As the favorite, your can speak up about your siblings’ good qualities, and don’t allow your parents to put them down. If your closeness stems from proximity, Facetime and Skype your siblings in for discussions about things like vacations and even doctor’s appointments, says Michelle Riba, MD, MS, a clinical professor in the Department of Psychiatry at University of Michigan and Past President of the American Psychiatric Association. 

And if you’re not the obvious favorite? Don’t let a parent’s preference interrupt what could be a good relationship with your brother or sister, says Greif. Understand, too, that parental favoritism may stem from their personal history or factors beyond your control—it may have nothing to do with you at all

Knowing that, he says, “can begin to help you separate emotionally a little bit from what is going on.”

Acknowledge the divide

All too often, bitter feelings between siblings takes the form of passive-aggressive comments or sarcasm.

Most of the time, however, it’s better to get your feelings out into the open. Send your sib a friendly text or email asking to have a chat.

Even if the invitation is rebuffed, says Degges-White, you’ll likely get something out of the attempt. 

“Sometimes just making the offer to explore things further can help you heal,” she says, “And to feel that you’ve done all that you can do to change the situation.”

If you do sit down to talk, keep in mind your goal isn’t winning. It’s understanding what’s driving the conflict, says Riba, and finding solutions that work for both of you.

Remember that you may interpret events in your shared history differently from your sibling—and you can’t change what’s already happened.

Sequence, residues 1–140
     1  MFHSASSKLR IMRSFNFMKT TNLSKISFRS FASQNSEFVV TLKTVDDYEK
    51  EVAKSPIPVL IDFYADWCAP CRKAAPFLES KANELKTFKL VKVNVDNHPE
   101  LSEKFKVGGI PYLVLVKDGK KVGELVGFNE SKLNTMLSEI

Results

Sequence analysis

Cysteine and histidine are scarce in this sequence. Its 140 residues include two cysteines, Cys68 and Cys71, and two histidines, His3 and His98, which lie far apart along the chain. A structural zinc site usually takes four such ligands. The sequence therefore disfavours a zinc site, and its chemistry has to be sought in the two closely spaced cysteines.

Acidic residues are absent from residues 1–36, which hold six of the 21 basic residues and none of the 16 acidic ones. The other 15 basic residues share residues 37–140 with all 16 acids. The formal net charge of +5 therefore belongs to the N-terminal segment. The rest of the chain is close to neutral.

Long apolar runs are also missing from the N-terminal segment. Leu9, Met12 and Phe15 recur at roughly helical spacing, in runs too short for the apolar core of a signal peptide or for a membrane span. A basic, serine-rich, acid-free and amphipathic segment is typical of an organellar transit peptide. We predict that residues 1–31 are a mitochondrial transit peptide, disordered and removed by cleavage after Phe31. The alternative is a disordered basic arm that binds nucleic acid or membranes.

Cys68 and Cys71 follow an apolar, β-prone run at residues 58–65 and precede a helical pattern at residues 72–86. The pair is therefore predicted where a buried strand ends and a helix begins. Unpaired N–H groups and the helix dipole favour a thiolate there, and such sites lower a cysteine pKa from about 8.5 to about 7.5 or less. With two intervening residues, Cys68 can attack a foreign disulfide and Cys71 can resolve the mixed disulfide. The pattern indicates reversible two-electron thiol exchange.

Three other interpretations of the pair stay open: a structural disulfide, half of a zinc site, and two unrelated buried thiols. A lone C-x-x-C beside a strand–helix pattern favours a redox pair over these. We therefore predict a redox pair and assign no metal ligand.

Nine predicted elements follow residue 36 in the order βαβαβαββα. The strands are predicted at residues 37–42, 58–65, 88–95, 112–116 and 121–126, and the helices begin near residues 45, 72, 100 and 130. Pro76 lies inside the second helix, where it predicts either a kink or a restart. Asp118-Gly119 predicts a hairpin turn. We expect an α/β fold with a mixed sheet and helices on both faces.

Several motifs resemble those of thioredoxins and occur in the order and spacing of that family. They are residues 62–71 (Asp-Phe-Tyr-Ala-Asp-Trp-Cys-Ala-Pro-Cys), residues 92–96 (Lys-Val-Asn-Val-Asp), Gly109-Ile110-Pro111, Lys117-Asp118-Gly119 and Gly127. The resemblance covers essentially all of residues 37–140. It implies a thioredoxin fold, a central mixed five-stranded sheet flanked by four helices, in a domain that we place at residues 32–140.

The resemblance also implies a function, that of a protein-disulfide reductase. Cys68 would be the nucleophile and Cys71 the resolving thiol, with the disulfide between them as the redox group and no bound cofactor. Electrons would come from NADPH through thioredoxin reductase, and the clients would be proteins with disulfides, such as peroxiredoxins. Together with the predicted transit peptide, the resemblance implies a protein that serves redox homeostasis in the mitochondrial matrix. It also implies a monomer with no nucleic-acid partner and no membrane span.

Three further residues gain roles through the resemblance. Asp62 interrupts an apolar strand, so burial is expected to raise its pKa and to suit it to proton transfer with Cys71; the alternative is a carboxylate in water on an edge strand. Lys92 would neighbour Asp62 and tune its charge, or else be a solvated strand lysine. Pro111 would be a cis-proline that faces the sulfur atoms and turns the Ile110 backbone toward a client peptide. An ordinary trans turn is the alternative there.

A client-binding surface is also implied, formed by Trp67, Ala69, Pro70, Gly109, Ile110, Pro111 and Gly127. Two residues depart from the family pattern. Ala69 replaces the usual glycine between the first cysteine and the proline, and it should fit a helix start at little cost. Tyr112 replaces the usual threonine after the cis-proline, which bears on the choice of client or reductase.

“Let go of resentment or grievances that are rooted in the past,”
Degges-White says. “Focus on building healthier relationships with your siblings in the present.”

Practice purposeful avoidance

What if you’ve tried to heal the rift and it’s not happening? Then switch your focus to tolerance. After all, there are bound to be plenty of family events—weddings, Bar Mitzvahs, graduations—where you have to see each other.

Keep in mind that that you may interpret events in your shared history differently from your sibling.

So plan ahead. Can you be placed at a different table? Come and go on different days? Anticipate comments that might set off your resentment, and answers you could give that would diffuse the tension. The easiest way to end an argument, notes Degges-White, is to refuse to enter it in the first place.

If you have children of your own, keep in mind that you’re modeling on their behalf. After all, they’re likely to mimic your behavior when they relate to their own brothers or sisters. “What kind of family narrative do you want to write for your kids?” says Grief.

Finally, remember that as the years move on, the dynamic between you and your siblings is likely to change. Parental illness and death often bring grown children together, and “no one can predict how they are going to handle it,” says Degges-White.

You may even grow closer. “You may need to take a sort of a breather from some people for a while, but usually people like to be reunited,” says Riba. “That’s been my experience.”